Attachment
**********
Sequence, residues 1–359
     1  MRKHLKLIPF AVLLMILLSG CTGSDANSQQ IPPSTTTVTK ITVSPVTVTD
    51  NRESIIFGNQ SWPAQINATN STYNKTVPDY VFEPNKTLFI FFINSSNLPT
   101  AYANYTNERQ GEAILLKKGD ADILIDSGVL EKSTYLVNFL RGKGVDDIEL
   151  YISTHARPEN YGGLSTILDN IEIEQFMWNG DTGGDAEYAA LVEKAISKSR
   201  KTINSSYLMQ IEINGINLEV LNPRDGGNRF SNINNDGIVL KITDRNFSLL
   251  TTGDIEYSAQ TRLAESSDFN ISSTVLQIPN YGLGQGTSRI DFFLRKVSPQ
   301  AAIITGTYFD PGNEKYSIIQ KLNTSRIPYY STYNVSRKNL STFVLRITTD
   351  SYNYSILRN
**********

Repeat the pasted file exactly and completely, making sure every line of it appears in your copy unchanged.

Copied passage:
Sequence, residues 1–359
     1  MRKHLKLIPF AVLLMILLSG CTGSDANSQQ IPPSTTTVTK ITVSPVTVTD
    51  NRESIIFGNQ SWPAQINATN STYNKTVPDY VFEPNKTLFI FFINSSNLPT
   101  AYANYTNERQ GEAILLKKGD ADILIDSGVL EKSTYLVNFL RGKGVDDIEL
   151  YISTHARPEN YGGLSTILDN IEIEQFMWNG DTGGDAEYAA LVEKAISKSR
   201  KTINSSYLMQ IEINGINLEV LNPRDGGNRF SNINNDGIVL KITDRNFSLL
   251  TTGDIEYSAQ TRLAESSDFN ISSTVLQIPN YGLGQGTSRI DFFLRKVSPQ
   301  AAIITGTYFD PGNEKYSIIQ KLNTSRIPYY STYNVSRKNL STFVLRITTD
   351  SYNYSILRN